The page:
Kazimierz Bursztyn was born on January Ist, 1910 at Myslenice near Kraków in Poland. He became a flying instructor at the Flying School in Grudziadz and later in Ulez. In September, during the war between Poland and Germany he fought within the Dęblin fighter aircraft group. On September 19th, 1939, he was captured by the Soviet army but he managed to escape a few days later.
Using methods devised by the Polish authorities and others, details of which are hard to ascertain with certainty, the Poles managed to avoid being handed over by the Romanians to the Russians, or being permanently interned in Romania, and made their way to France, mainly by boats chartered by the Poles, and possibly by the French and British.
Polish forces were determined to a man to carry on the war against Germany and Bursztyn duly arrived in France via Romania along with several thousand members of the Polish Air Force probably in late 1939.
He was trained to fly Morane Saulnier 406 fighter aircraft, and became a flight leader of a patrol or a formation within III/1 fighter group.
Morane Saulnier 406 in French/Polish livery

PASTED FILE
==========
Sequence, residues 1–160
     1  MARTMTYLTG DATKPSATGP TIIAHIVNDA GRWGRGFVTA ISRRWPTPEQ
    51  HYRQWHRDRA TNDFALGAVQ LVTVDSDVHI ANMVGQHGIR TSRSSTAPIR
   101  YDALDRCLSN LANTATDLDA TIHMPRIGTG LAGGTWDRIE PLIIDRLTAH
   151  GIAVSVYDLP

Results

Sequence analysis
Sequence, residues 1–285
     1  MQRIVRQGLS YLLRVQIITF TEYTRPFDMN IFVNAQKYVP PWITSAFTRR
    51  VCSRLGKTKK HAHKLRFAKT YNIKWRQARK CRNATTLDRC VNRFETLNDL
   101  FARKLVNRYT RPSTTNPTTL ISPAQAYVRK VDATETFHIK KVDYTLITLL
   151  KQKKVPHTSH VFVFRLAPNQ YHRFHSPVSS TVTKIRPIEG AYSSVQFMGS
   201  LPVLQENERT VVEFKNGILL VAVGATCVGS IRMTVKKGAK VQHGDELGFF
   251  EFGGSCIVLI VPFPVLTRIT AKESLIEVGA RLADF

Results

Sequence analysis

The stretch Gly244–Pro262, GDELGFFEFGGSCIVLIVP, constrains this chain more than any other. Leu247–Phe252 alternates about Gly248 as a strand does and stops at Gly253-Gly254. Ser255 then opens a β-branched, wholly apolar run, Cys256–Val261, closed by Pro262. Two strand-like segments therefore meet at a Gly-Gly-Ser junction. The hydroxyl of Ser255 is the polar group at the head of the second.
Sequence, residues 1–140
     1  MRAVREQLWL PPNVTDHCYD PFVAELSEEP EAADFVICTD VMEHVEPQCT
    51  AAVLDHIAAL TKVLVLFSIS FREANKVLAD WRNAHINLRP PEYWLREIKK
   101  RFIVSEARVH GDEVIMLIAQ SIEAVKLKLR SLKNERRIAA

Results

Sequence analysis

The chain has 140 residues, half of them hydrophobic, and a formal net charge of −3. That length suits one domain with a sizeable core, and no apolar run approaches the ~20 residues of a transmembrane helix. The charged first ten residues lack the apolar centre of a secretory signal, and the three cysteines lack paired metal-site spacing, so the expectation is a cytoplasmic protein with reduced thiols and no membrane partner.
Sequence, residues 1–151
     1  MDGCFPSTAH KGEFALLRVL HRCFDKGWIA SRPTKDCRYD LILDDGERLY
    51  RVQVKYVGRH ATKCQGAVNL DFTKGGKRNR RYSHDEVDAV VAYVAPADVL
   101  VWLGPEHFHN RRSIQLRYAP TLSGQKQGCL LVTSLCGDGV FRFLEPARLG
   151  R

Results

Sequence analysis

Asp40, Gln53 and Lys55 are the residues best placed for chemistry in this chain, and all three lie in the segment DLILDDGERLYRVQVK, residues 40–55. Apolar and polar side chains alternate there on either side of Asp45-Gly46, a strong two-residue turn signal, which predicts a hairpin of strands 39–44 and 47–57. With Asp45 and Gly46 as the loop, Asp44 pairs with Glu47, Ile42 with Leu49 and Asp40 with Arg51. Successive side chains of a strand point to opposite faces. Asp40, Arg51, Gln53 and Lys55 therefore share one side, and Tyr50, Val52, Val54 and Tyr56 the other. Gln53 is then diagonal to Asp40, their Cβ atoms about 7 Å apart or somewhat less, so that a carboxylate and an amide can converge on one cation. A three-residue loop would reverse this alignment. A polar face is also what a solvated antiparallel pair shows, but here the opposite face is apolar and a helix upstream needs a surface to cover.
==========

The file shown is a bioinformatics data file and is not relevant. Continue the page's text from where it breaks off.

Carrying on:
After a stay in hospital, in May 1940 he joined his squadron in III/1 fighter group based in Plessis-Belleville.
After a mission during the morning of May 25th during which no enemy aircraft was encountered, III/1 fighter group resumed their mission in the afternoon to escort and protect a Potez 63 reconnaissance aircraft on a reconnaissance aerial mission to investigate the progress being made by invading German troops, flying over an area ranging from Arras to l'Ilse Adam via Condé-Valenciennes-St Quentin-Noyon (about 180km).
The Potez was protected by a formation comprising two 3-man patrols of Morane Saulnier MS 406, one flying top cover, the other close support.
Polish pilots in France 1940
Kazimierz Bursztyn was the leader of the top cover patrol in fighter 1047. At 15:10 the patrol was attacked over Bapaume by a formation of about 10 Messerschmitt Me 109s and Me 110s. The Group's French adjutant Gagnaire shot down 3 enemy aircraft but Bursztyn was mortally wounded and his aircraft spun out of control and on fire and crashed blazing in the Moyenneville sector in a place called La Plaine d'Ayette.
Bursztyn died in his aircraft, aged 30. His half-burnt body was found among the fragments of his aircraft and his identity badge bore just the one word : Mathilde.
Bursztyn's burned out wreckage
In 1951, he was exhumed from the village graveyard of Moyenneville and buried in the national cemetery of La Targette at Neuville St Vaast (Pas de Calais) in the 39/45 military precinct (Grave number 8401).
La Targette, Neuville-St. Vaast
In a prequel to the Battle of Britain where Polish pilots achieved great success against the Luftwaffe, during the 1940 battle over France, Bursztyn's fighter group was credited with 29 victories including 25 confirmed. The group disbanded on August 12th,1940.
Sources: History of lll/l Group Col. Salesse, lll/l Fighter Group Archives